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Nature. 1981 Feb 5;289(5797):497-9.

Functional reactivation of the deafferented neostriatum by nigral transplants.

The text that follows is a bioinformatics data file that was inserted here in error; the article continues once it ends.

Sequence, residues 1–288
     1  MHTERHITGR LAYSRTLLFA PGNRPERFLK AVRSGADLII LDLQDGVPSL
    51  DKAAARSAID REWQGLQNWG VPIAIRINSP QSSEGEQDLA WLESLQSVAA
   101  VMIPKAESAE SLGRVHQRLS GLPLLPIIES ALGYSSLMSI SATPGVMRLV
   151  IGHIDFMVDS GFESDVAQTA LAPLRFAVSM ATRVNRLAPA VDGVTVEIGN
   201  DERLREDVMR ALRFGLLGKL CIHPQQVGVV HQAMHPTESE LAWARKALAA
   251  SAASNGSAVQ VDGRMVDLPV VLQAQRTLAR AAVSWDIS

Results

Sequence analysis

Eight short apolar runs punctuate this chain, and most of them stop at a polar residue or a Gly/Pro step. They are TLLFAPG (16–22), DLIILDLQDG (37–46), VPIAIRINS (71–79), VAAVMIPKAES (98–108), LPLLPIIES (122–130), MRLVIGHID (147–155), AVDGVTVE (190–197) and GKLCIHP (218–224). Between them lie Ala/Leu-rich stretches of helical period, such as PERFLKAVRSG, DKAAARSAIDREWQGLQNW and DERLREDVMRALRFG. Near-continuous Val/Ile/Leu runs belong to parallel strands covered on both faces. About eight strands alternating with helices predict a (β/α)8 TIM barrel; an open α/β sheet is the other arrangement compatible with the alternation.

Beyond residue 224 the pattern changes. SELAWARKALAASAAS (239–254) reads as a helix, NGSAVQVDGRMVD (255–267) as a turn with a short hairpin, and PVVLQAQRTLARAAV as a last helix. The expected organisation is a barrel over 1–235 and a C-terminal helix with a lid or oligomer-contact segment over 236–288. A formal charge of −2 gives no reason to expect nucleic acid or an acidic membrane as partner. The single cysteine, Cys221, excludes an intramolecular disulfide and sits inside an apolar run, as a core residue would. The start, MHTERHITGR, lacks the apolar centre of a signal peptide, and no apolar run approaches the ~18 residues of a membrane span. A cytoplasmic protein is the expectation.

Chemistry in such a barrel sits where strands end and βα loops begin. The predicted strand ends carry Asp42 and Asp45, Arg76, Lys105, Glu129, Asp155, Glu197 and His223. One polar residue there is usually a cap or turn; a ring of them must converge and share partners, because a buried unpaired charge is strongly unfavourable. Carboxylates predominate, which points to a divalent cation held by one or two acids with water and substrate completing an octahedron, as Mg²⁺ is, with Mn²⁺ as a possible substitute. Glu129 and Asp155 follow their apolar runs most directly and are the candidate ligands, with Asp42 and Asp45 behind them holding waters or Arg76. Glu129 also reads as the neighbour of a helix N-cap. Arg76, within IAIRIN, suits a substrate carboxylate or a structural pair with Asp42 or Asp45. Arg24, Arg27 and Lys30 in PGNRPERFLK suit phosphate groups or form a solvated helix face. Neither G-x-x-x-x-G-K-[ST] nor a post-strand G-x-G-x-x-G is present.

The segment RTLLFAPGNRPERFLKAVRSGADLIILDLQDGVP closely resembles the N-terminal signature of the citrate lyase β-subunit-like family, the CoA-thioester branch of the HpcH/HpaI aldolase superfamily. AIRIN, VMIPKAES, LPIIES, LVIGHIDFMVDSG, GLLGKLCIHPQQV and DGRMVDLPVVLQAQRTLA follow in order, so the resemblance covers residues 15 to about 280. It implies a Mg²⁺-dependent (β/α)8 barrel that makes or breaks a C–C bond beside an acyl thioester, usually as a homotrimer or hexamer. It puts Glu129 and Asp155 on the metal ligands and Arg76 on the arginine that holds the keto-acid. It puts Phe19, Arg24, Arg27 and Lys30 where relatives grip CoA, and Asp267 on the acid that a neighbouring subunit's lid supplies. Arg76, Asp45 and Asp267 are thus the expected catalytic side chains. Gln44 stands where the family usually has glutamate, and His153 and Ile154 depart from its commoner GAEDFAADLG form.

Functional deficits following brain lesions can be due not only to the disruption of conduction in specific input and output pathways passing through the site of injury, but also to the loss of important regulatory systems controlling the functional state of neuronal circuitries in areas distant from the lesion. For example, the behavioural disturbances that result from lesions of the nigrostriatal dopamine (DA) pathways can be reversed by administration of dopamine receptor-activating drugs, such as L-dopa or apomorphine. This suggests that the lesioned dopaminergic system, rather than conveying specific input and output signals, is normally acting on neuronal machineries whose activity levels are set by the activity at the dopaminergic synapses. Thus the neurological deficits resulting from these lesions are due to functional inactivation of otherwise intact neostriatal circuitries. Previous studies have shown that intracerebral transplants of embryonic substantia nigra can compensate for drug-induced as well as spontaneous asymmetric motor behaviour (expressed as a tendency to move in circles towards the lesioned side), whereas the sensorimotor asymmetry, which is pronounced in rats with a unilateral lesion of the nigrostriatal DA pathway, was unaffected by the transplant. We report here that restoration of striatal dopaminergic neurotransmission by nigral transplants in animals with bilateral, complete lesions of the nigral transplants in animals with bilateral, complete lesions of the nigrostriatal DA pathways can reinstate not only certain aspects of spontaneous motor behavior, but also sensorimotor orientation and sensory attention on the side of the body contralateral to the graft.

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